Was borrowed for three days

His body there would not remain

Our God has robbed the grave


Copied from Elevation Church website (


The second piece is on a totally different level. It is a quote from an academic book I was reading this week that is worth reading even if we don’t totally agree with the author:

“It is notoriously difficult to deal with the resurrection in a historical presentation. Many historians do not think that consideration of the resurrection belongs to the study of the historical Jesus. After all, a person’s life begins with his birth and ends with his death. In addition, even if the resurrection happened, it lies beyond history and certainly beyond historical research. But what the historian can say with assurance is that the earliest Christians experienced something that they interpreted as seeing the risen Jesus. Not only does all the evidence point in this direction; it is difficult to imagine that the Jesus movement would have survived the horrendous and humiliating execution of its leader and the flight of the disciples unless the disciples had some experience that turned things around for them.”

(emphasis added) From Early Judaism: The Exile to the Time of Jesus by Frederick J. Murphy.

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What I hope will be a meaningful read as we come to Thursday and Friday of Holy Week this year.

The most dramatic and consequential questioning of Jesus took place during the hearings and trials He went through prior to His crucifixion. Actors have tried to capture the drama in a multitude of plays and movies ranging from small church youth-led Good Friday services to the big screen of Hollywood.

But the consequences were more important than the drama. For Jesus it meant His death on the cross. Of course He knew the reason He came was to die, but His prayer in the Garden of Gethsemane gives us insight into His inner struggle. In addition, the consequence of His death was an opportunity for us to have life, through the forgiveness of our sin and restoration of our status as children of God.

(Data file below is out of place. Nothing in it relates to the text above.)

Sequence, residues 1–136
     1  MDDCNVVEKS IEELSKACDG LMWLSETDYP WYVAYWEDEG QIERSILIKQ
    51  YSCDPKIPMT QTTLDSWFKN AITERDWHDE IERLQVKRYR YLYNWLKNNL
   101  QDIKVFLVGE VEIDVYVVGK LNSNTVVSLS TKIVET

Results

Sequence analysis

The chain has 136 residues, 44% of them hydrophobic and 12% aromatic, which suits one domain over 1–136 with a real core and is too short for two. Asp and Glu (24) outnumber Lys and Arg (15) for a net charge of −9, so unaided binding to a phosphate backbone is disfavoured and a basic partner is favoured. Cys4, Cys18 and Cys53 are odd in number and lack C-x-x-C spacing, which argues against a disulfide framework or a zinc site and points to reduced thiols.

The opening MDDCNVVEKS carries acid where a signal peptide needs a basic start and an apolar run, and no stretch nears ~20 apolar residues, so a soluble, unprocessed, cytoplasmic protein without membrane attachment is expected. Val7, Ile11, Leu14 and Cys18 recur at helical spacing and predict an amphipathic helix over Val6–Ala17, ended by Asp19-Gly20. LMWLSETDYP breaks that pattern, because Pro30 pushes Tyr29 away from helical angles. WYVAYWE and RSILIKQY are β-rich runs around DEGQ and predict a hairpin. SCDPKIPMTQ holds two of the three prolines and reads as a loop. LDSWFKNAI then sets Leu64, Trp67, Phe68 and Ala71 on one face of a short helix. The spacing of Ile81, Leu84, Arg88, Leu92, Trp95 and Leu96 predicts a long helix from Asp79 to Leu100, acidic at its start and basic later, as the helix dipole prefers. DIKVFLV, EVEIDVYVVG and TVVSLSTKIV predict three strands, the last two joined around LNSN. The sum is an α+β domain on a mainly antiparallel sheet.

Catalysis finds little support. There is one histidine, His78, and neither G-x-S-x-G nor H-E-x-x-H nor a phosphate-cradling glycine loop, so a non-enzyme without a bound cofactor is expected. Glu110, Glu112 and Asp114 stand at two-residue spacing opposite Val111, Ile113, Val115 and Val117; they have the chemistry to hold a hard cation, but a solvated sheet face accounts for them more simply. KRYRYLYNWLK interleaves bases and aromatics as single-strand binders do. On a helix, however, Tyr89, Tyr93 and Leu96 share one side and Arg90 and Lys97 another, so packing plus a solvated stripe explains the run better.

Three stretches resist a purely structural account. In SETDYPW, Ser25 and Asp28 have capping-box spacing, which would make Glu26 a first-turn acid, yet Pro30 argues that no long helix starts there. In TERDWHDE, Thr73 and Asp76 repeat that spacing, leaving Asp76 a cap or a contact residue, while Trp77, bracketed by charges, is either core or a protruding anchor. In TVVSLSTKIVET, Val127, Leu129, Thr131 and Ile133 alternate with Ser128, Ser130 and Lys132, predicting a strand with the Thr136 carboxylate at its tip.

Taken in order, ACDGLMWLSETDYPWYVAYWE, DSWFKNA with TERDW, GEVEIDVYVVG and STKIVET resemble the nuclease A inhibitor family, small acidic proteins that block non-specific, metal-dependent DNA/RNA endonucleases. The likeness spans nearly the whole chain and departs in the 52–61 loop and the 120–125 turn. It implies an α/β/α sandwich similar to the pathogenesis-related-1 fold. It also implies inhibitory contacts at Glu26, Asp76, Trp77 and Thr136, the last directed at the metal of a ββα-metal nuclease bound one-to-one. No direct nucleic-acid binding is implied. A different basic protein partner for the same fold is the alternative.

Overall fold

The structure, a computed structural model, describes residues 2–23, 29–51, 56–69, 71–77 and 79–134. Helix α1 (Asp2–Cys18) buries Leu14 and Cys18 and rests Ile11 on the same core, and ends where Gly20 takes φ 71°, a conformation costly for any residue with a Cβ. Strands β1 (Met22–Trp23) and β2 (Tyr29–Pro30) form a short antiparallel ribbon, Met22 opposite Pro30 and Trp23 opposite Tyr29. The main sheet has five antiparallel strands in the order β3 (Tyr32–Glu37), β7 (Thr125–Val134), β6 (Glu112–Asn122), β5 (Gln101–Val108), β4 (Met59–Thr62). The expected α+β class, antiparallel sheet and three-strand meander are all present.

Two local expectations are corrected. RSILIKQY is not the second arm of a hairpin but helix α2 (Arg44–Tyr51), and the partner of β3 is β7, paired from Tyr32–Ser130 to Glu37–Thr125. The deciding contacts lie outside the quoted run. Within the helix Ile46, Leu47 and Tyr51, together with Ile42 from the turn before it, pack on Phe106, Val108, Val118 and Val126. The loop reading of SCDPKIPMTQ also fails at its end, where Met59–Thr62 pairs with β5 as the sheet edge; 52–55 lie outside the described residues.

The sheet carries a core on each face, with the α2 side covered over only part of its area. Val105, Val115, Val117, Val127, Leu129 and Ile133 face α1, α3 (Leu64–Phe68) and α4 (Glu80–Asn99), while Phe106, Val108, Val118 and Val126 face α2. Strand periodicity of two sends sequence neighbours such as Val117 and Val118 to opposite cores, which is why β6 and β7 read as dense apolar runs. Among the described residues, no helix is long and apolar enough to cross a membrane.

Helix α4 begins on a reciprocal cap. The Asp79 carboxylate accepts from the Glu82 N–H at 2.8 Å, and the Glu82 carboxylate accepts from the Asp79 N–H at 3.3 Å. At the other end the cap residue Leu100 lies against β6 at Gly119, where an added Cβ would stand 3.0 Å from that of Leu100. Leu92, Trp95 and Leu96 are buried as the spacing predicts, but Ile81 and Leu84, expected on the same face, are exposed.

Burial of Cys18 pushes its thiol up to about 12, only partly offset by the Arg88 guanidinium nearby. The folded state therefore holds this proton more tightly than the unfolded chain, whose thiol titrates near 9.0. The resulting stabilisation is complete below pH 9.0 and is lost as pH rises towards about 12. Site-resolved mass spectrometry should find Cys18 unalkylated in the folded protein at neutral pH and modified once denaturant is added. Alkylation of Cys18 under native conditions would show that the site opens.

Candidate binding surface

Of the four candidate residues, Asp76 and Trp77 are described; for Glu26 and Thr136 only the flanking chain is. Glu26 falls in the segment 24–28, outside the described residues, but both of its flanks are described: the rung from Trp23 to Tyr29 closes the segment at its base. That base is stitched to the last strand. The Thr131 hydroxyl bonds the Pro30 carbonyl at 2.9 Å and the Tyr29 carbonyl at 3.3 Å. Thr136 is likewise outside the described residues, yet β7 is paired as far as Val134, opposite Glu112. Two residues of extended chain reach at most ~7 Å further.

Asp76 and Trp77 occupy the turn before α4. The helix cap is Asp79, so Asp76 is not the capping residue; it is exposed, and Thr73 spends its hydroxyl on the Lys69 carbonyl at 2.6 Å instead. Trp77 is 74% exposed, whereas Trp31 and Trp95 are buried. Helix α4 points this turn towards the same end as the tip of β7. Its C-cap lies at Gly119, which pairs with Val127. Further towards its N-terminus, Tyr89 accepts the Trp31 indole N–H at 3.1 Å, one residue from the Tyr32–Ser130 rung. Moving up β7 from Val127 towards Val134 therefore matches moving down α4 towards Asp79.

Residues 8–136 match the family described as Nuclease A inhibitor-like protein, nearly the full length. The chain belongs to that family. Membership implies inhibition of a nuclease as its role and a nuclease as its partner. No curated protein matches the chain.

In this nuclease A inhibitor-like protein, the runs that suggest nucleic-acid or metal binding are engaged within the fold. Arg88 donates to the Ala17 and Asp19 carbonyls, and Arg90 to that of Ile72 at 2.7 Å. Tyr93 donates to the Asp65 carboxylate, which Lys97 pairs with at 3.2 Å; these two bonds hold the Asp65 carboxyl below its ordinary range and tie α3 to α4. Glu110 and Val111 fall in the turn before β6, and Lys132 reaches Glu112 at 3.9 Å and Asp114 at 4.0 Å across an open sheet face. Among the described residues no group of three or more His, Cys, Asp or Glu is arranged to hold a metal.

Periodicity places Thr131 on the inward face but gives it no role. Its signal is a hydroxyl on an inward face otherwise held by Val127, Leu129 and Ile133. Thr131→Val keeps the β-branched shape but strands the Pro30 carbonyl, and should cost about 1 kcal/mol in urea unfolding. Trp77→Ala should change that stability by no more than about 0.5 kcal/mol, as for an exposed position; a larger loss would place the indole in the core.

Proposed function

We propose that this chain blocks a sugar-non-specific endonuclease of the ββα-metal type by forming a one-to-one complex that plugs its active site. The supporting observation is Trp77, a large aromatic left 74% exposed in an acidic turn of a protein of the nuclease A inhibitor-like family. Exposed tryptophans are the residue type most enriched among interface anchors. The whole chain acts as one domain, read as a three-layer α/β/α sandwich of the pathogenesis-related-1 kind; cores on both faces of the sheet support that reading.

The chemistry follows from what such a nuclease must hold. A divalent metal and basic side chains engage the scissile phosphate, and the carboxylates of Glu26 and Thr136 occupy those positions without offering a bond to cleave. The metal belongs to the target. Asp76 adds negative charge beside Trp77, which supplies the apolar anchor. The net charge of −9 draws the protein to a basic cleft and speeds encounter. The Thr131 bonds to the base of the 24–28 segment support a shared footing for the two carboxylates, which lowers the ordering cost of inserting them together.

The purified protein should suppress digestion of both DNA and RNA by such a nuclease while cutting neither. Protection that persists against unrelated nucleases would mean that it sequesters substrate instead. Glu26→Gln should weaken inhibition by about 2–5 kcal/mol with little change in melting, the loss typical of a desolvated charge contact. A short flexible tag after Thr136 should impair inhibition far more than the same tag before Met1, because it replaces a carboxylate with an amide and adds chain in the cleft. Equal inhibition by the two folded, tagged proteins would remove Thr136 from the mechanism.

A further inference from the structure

Context and Setting

The accounts of the night of Jesus’ arrest and trials, all the way through His resurrection and ascension, are in many respects the most difficult to harmonize in the Gospels. The trials before His crucifixion and His appearances after His resurrection are most challenging. John’s account of Jesus before Pilate is the most complete of the four with Matthew and Mark being in the most agreement about the entire ordeal. I suggest reading and studying one account at a time and not investing a great deal of time and energy in trying to harmonize everything.

In terms of the questioning of Jesus prior to His crucifixion, the questioning from Pilate was the final stage. Prior to appearing before Pilate Jesus went before Jewish authorities two or three times. It seems clear Jesus was first questioned informally and then later taken before the Sanhedrin (the formal Jewish council). Only John tells us that Jesus was taken first to Annas, the father-in-law of the high priest Caiaphas (18:13). After that He was taken “to Caiaphas the high priest, where the scribes and the elders had gathered” (Matthew 26:57).

Early the next morning the night’s questionings came to a climax. This exchange is also the high point of all that had transpired between Jesus and His critics during His final week.

The Jewish leaders were looking for evidence to charge Jesus so they could put Him to death. In the first part of the “hearing” they couldn’t get two witnesses to agree. Finally, two agreed about Jesus saying He was able to destroy the temple and rebuild it in three days. Yet even with the high priest challenging Him to respond, Jesus remained silent.